Jennifer Doudna
Professor of Biochemistry, Biophysics and Structural Biology
Department of Chemistry, Department of Molecular & Cell Biology
(510) 643-0225

Research Expertise and Interest

RNA machines, hepatitis C virus, RNA interference, ribosomes


RNA forms a variety of complex globular structures, some of which function like enzymes or form functional complexes with proteins. There are two major areas of focus in the lab: viral control of human protein synthesis, and RNA-mediated gene regulation. We are interested in understanding and comparing molecular mechanisms of protein synthesis used in human cells and by viruses that infect those cells. In particular, we are investigating RNA-mediated initiation of protein synthesis, focusing on the internal ribosome entry site (IRES) RNA from Hepatitis C virus. Cryo-EM, x-ray crystallography and biochemical experiments are focused on understanding the structure and mechanism of the IRES and its amazing ability to hijack the human ribosome and associated translation factors. A second area of focus in the lab is the molecular basis for RNA-mediated genetic control, in which small RNAs are generated and used to target specific gene transcripts for destruction. Our lab investigates the pathways of small RNA-mediated gene regulation in both human cells and in bacteria. Each of these projects seeks to understand the molecular basis for RNA function, using a combination of structural, biophysical and biochemical approaches.

In Research News

July 20, 2017

UC Berkeley researchers have discovered how Cas1-Cas2, the proteins responsible for the ability of the CRISPR immune system in bacteria to adapt to new viral infections, identify the site in the genome where they insert viral DNA so they can recognize it later and mount an attack.

Cas9 protein
July 12, 2017

Research now shows that the countermeasure viruses came up with — inhibitory proteins referred to as anti-CRISPRs — can be used to improve CRISPR-Cas9 as a gene-therapy tool, decreasing off-target gene editing that could cause unwanted side effects.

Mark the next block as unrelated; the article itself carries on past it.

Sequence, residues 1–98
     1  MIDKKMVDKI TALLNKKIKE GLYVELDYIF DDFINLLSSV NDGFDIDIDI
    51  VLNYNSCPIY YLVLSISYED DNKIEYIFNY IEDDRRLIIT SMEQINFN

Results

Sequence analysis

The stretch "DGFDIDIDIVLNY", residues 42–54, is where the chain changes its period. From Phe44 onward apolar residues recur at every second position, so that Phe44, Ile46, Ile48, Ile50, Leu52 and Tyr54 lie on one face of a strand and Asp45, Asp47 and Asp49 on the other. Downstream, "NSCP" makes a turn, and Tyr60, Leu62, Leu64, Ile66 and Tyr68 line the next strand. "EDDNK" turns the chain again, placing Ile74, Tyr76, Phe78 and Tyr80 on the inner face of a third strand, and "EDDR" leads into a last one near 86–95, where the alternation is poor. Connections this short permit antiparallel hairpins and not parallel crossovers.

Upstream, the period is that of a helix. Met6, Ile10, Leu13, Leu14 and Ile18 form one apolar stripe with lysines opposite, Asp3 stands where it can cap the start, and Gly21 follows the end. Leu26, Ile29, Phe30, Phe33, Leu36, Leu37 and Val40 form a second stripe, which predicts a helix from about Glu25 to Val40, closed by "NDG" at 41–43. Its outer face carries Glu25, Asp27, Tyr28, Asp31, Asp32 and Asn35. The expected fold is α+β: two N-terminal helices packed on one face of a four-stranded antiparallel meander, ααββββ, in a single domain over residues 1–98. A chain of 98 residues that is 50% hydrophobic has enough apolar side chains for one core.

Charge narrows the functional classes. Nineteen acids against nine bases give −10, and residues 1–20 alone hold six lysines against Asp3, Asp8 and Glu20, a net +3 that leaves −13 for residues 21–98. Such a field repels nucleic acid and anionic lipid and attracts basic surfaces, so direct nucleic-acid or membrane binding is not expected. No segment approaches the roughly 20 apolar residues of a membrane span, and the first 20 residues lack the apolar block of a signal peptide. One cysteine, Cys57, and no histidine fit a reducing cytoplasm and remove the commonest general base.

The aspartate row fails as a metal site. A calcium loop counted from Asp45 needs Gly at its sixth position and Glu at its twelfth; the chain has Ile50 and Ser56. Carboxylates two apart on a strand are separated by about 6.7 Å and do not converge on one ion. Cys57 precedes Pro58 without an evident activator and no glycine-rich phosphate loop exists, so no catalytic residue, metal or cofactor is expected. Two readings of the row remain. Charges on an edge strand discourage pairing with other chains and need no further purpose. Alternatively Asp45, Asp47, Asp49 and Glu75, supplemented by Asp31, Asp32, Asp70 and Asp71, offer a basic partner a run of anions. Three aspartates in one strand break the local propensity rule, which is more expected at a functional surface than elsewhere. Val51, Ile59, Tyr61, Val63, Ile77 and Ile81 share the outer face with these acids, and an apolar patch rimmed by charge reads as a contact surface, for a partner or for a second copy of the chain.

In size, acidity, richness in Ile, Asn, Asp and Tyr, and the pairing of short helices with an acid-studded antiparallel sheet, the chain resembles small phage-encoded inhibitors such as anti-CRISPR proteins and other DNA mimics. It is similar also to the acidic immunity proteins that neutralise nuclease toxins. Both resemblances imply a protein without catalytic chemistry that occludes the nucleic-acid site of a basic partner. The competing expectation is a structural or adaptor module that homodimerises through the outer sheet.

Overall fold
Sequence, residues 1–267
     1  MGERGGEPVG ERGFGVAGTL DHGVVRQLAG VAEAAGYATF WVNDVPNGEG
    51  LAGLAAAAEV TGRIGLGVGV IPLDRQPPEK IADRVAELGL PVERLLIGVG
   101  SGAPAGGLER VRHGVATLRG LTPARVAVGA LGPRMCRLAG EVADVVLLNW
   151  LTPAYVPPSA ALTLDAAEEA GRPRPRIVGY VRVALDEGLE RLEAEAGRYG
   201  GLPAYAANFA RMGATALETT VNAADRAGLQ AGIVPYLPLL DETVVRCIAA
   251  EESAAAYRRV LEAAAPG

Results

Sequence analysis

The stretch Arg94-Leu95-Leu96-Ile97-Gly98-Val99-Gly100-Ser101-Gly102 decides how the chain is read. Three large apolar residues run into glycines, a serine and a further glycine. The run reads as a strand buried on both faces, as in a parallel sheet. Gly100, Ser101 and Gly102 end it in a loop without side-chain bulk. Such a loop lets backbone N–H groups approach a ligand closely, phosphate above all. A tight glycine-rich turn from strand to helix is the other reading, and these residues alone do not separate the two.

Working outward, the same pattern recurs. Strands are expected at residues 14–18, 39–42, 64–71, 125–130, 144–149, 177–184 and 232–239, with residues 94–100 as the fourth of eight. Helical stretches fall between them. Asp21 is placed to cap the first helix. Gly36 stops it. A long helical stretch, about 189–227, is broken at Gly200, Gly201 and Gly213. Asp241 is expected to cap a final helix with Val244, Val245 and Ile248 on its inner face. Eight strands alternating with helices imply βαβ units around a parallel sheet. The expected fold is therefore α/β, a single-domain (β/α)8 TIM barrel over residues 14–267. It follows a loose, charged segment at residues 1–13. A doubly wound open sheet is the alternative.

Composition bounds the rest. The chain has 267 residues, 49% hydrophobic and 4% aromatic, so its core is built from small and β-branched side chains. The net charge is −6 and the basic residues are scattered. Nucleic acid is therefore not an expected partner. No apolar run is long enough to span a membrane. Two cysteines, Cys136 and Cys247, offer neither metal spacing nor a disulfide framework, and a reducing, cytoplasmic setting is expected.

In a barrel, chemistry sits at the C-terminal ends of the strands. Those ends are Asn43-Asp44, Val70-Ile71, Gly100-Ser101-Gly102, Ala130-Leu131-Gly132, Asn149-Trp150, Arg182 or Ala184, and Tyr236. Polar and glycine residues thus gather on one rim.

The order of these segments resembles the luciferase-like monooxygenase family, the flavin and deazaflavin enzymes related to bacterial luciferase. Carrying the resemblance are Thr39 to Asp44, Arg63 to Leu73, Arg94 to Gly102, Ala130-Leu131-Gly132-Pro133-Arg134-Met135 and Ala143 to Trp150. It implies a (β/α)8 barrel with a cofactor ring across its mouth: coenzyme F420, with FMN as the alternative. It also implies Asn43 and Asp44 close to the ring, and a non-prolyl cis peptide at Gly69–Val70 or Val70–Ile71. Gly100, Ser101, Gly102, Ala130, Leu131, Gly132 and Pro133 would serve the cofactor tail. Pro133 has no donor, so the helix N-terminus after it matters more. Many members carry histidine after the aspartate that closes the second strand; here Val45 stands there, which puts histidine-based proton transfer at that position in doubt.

Cas9 protein
March 28, 2017

The European Patent Office (EPO) has announced its intention to grant a broad patent for the revolutionary CRISPR-Cas9 gene-editing technology to the University of California, the University of Vienna and Emmanuelle Charpentier.

Emmanuelle Charpentier and Jennifer Doudna
February 2, 2017

Jennifer Doudna and Emmanuelle Charpentier were awarded the Japan Prize today for their invention of the revolutionary gene-editing technology known as CRISPR-Cas9.

lab stock photo
January 24, 2017

An initiative launched two years ago by UC Berkeley and UC San Francisco to use CRISPR-Cas9 gene editing to develop new disease therapies is expanding into research on the planet’s major crops and poorly understood microbiomes.

Facebook founder Mark Zuckerberg and pediatrician Priscilla Chan
September 21, 2016

An unprecedented collaboration between the Bay Area’s three premier research universities.

Arthur Rosenfeld and Jennifer Doudna
June 20, 2016

Taiwan’s top science award, the Tang Prize, has gone to two UC Berkeley scientists well-known in the fields of biochemistry and physics: Jennifer Doudna, for her invention of CRISPR-Cas9 gene editing, and Arthur Rosenfeld, often called the “godfather of energy efficiency.”

Jennifer Doudna
May 2, 2016

Biochemist Jennifer Doudna has been named a foreign member of the prestigious Royal Society, a rare honor for a UC Berkeley faculty member.

Jennifer Doudna
January 19, 2016

UC Berkeley biochemist Jennifer Doudna joined Joseph Biden this morning at the World Economic Forum in Davos, Switzerland, as the vice president promoted a major new U.S. initiative to speed the discovery of cures for cancer.

November 12, 2015